Determining the correct time to take triptans
The triptan threshold

Triptans: drug of choice

The substance has been there since 1993

  • Sumatriptan

as the first so-called selective serotonin agonist available in migraine therapy. Today the following other active ingredients from this substance class are available:

  • Naratriptan
  • Zolmitriptan
  • Eletriptan
  • Almotriptan
  • Rizatriptan
  • Frovatriptan

Since triptans not only combat migraine headaches, but also counteract accompanying symptoms such as nausea, vomiting, sensitivity to noise and light, additional use of an anti-nausea and vomiting medication (antiemetic) is sometimes not necessary. In severe attacks, however, the mobility of the muscles in the stomach is so impaired that the triptan cannot be transported further into the intestines. In this case, it is still recommended to administer an antiemetic (metoclopramide, domperidone) about 15 minutes before taking the triptan.

A crucial effect of triptans: They block the release of nerve messengers (neuropeptides and neurotransmitters), which can trigger local neurogenic inflammation in the blood vessels of the brain. In addition, triptans can normalize the increased nerve activity in various brain centers during the migraine attack and narrow enlarged short circuits between the arteries and veins of the brain (anastomoses), thereby normalizing the oxygen supply to the brain.

While pain medications work everywhere in the body, triptans essentially bind specifically and selectively to the switching points (5-HT1B and 1D receptors), which are located in exactly the parts of the brain where the migraine disease processes take place.

Important rules for all triptans

  • Triptans should only be used after a preliminary medical examination including blood pressure measurement and electrocardiogram as well as individual advice. This also and especially applies to first-time use in an emergency situation in the event of severe migraine attacks.
  • They should not be used if there is a persistent headache due to medication overuse, or if there are contraindications, such as a condition after a heart attack, stroke, other vascular diseases, high blood pressure, liver or kidney diseases.
  • Do not take triptans until the headache phase begins, but then as early as possible. These active ingredients should not be administered during the aura phase. The reason for this is that they are unable to directly influence the symptoms of the aura. They also may not effectively improve migraine symptoms if given too early before the headache phase. In addition, a narrowing of certain brain vessels is believed to be a possible cause during the aura phase. Vasoconstrictive agents such as triptans can therefore lead to an increase in symptoms during this phase.
  • Under no circumstances should triptans be administered in conjunction with ergotamines. Since both ergotamines and triptans lead to vasoconstriction, overlapping the two active ingredients can result in a dangerous addition of the vasoconstrictive effect. However, since ergotamines are already a thing of the past in migraine therapy, this problem is unlikely to occur again. This could only apply to patients with cluster headaches who, in exceptional cases, may use ergotamines.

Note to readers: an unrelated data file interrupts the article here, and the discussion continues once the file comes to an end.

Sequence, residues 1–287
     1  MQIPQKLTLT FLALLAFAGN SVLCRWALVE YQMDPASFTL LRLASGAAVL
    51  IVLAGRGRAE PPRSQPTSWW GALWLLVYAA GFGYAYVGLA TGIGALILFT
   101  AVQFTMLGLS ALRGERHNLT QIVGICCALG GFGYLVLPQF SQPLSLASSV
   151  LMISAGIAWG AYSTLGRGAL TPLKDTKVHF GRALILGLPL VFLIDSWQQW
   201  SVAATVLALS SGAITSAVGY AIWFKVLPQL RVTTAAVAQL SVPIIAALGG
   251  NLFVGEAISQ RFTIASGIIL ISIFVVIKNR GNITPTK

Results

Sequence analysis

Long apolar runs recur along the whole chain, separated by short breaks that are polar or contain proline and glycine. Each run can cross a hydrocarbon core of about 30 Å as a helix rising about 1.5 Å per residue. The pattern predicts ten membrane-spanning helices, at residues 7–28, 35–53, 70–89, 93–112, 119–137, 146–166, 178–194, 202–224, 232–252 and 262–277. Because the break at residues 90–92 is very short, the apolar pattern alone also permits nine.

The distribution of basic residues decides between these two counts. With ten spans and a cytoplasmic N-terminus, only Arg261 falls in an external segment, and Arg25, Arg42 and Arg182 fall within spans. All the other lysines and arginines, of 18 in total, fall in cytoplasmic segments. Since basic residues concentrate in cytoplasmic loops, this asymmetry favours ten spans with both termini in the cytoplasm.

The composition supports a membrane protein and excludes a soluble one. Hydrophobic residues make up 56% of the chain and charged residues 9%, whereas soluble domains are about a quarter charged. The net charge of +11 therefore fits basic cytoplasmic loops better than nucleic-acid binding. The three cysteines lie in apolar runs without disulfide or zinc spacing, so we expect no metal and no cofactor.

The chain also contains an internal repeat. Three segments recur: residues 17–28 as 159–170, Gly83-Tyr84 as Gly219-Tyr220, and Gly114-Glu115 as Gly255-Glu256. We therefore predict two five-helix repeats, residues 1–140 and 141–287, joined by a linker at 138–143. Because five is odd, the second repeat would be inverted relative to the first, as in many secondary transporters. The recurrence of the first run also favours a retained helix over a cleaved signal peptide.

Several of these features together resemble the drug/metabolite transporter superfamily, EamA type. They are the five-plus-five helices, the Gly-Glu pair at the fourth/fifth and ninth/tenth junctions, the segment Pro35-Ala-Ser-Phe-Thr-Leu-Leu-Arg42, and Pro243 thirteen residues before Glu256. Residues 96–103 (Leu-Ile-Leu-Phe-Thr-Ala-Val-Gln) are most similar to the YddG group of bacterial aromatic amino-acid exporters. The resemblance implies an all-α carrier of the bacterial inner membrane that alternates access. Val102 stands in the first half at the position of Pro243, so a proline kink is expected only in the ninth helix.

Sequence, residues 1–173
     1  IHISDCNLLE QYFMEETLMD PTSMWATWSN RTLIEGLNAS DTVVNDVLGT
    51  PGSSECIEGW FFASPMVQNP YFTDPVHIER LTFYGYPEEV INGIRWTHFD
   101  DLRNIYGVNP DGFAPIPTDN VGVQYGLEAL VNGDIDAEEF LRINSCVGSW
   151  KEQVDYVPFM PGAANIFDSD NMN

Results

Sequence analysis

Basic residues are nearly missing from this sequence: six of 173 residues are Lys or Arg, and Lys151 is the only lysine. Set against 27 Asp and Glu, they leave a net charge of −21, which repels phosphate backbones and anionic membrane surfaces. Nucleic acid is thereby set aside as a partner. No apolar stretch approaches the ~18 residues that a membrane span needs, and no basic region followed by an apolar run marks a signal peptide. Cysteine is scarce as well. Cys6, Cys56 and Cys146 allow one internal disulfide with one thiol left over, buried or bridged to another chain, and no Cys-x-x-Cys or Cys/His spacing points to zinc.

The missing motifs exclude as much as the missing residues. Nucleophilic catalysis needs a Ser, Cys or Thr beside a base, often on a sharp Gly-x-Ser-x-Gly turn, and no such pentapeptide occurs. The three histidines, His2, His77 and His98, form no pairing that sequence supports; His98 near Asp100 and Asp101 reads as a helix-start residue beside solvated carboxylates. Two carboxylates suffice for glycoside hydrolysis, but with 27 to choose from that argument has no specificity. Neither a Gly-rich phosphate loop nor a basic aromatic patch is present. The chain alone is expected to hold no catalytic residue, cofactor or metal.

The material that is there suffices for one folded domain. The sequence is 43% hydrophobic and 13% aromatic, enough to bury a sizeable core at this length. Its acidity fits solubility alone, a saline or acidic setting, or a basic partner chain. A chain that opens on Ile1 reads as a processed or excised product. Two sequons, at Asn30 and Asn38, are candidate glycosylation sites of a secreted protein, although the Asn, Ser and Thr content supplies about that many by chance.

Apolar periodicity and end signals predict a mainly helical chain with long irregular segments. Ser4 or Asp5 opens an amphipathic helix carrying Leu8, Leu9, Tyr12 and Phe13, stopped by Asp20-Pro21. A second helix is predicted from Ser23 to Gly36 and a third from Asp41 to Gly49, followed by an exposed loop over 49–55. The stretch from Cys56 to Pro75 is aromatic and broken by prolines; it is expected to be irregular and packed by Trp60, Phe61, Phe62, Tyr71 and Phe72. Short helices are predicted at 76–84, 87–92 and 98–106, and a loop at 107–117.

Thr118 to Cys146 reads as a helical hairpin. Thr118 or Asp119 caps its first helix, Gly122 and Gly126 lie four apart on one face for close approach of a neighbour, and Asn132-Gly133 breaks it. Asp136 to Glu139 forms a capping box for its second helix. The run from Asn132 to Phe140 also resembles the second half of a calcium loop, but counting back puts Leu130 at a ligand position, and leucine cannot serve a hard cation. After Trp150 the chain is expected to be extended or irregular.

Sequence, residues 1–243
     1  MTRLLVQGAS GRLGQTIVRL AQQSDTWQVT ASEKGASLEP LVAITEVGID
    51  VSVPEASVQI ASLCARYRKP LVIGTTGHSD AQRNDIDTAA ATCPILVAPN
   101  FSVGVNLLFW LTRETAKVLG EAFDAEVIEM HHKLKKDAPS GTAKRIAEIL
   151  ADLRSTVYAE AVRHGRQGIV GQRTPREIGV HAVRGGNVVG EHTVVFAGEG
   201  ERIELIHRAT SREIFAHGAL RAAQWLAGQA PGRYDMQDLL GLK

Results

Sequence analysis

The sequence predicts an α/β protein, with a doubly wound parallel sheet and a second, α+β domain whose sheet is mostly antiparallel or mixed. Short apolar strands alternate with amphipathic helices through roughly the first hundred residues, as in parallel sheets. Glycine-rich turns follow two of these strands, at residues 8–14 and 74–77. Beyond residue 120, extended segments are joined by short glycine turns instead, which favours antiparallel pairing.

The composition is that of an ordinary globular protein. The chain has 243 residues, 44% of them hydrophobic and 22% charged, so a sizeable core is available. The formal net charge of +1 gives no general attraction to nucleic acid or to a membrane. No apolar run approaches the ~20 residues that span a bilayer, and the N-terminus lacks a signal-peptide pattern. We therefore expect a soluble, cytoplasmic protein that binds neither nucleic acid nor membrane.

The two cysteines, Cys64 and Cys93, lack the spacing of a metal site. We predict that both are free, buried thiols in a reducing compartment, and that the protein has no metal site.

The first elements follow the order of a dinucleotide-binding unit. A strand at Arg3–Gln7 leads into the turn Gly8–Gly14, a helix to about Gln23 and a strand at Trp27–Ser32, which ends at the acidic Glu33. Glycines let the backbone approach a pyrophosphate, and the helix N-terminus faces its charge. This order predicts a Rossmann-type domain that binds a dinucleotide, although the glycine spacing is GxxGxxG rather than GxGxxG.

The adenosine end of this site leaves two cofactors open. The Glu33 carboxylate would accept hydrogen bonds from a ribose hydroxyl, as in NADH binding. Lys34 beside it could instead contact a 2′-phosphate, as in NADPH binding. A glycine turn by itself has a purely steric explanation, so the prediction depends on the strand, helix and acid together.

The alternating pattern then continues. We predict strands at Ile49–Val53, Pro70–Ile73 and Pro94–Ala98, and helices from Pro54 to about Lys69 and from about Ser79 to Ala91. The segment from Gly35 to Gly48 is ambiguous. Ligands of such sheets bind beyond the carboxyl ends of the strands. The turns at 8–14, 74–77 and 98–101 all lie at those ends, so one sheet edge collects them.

• Since the triptans have a limited time of action, migraine symptoms recur in around 30 percent of the treated patients after the time of action has worn off. However, this so-called recurring headache can be successfully treated with a new dose. Important: This does not mean that the migraine attack is postponed or prolonged! The rule of thumb is that the dose can be repeated once a day. If you take the medication more than twice in one day, you will need to work with your doctor to develop a new therapy concept that will lead to better effectiveness. It is then recommended to choose a long-acting triptan, such as Almotriptan, Naratriptan or Frovatriptan. The combination with a long-acting so-called COX-2 inhibitor (e.g. Arcoxia 120 mg) or an NSAID (e.g. Naproxen 500 mg) can also reduce the likelihood of recurring headaches.
  • Regardless of the dose, you should definitely ensure that you do not take the medication for more than 10 days per month, otherwise there is a risk of constant headaches due to overuse of medication.
  • Patients with a high frequency of attacks are often unsure whether they should take the triptan when the headache begins. You are then conflicted between, on the one hand, taking the medication very early in the attack and, on the other hand, being careful with the upper limit of taking it on 10 days per month. For this reason, a checklist, the so-called “triptan threshold” (see download box at the top right), was developed, which can be used to determine the exact time of intake individually.
  • The manufacturer recommends that triptans only be administered up to age 65. In consultation with the treating doctor and after a cardiological examination, there is nothing to speak against the use of triptans even beyond this age. There are now also studies on the use of sumatriptan and zolmitriptan as a spray in adolescents between the ages of 12 and 18. These showed no increased risk in this age group. However, triptans should not be administered to children under the age limit of 12 years.
  • Typical side effects of triptans are a slight, general feeling of weakness and undirected dizziness, abnormal sensations, tingling, a feeling of warmth or heat and mild nausea. Very rarely, a feeling of tightness in the chest and neck area can also occur. As a rule, the side effects are mild and go away on their own.